Molecular phylogeny, biogeography, and habitat preference evolution of Marsupials

Kieren Mitchell, Renae Pratt, Laura Watson, Gillian Gibb, Bastien Llamas, Marta Kasper, Janette Edson, Blair Hopwood, Dean Male, Kyle Armstrong, Matthias Meyer, Michael Hofreiter, Jeremy Austin, Stephen Donnellan, Mike Lee, Matthew Phillips, Alan Cooper

    Research output: Contribution to journalArticlepeer-review

    121 Citations (Scopus)


    Marsupials exhibit great diversity in ecology and morphology. However, compared with their sister group, the placental mammals, our understanding of many aspects of marsupial evolution remains limited. We use 101 mitochondrial genomes and data from 26 nuclear loci to reconstruct a dated phylogeny including 97% of extant genera and 58% of modern marsupial species. This tree allows us to analyze the evolution of habitat preference and geographic distributions of marsupial species through time. We found a pattern of mesic-adapted lineages evolving to use more arid and open habitats, which is broadly consistent with regional climate and environmental change. However, contrary to the general trend, several lineages subsequently appear to have reverted from drier to more mesic habitats. Biogeographic reconstructions suggest that current views on the connectivity between Australia and New Guinea/Wallacea during the Miocene and Pliocene need to be revised. The antiquity of several endemic New Guinean clades strongly suggests a substantially older period of connection stretching back to the Middle Miocene and implies that New Guinea was colonized by multiple clades almost immediately after its principal formation.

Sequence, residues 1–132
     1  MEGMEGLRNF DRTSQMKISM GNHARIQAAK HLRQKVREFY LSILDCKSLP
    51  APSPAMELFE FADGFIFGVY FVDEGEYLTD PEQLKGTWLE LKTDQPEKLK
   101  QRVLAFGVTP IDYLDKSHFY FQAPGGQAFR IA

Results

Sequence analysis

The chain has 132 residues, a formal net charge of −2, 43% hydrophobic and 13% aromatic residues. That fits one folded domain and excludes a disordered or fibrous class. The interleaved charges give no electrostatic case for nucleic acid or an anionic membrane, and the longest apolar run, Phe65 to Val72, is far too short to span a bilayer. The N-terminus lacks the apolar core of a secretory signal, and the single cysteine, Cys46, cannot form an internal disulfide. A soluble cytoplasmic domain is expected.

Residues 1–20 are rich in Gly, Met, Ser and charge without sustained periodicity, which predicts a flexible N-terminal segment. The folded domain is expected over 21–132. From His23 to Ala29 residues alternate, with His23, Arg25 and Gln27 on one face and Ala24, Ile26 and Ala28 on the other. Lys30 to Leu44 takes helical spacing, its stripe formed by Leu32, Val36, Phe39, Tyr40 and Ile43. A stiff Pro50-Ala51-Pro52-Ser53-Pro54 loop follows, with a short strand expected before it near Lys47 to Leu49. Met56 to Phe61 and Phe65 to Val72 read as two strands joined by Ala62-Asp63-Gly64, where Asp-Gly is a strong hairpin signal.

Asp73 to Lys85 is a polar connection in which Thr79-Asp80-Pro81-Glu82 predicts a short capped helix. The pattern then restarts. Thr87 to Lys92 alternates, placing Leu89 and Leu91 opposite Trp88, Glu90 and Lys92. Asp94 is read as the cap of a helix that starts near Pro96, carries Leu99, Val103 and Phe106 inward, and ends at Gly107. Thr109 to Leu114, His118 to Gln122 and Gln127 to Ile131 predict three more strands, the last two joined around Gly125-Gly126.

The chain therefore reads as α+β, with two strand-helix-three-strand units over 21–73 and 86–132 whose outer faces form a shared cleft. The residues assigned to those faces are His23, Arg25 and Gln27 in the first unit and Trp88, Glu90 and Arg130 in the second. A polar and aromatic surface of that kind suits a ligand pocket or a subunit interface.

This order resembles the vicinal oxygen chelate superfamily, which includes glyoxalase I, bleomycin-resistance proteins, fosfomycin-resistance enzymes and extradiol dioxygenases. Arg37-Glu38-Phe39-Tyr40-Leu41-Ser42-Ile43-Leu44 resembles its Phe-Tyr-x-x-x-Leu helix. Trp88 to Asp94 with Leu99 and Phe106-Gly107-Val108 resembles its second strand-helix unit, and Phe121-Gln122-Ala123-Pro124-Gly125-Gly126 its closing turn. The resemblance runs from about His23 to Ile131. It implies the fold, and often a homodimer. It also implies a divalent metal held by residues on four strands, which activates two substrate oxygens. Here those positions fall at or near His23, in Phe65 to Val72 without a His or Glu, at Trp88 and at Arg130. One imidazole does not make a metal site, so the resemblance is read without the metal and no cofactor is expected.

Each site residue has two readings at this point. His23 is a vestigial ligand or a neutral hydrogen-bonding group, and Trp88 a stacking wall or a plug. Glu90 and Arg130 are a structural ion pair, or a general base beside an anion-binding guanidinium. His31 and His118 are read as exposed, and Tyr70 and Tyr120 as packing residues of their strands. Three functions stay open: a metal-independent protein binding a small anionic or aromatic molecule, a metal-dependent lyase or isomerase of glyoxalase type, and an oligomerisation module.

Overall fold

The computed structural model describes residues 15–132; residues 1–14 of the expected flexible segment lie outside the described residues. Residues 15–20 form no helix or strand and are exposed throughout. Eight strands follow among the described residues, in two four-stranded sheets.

Original languageEnglish
    Pages (from-to)2322-2330
    Number of pages9
    Issue number9
    Publication statusPublished - Sep 2014


    • Ancestral state reconstruction
    • Mammal
    • Mitochondrion
    • Supermatrix


    Dive into the research topics of 'Molecular phylogeny, biogeography, and habitat preference evolution of Marsupials'. Together they form a unique fingerprint.

    Cite this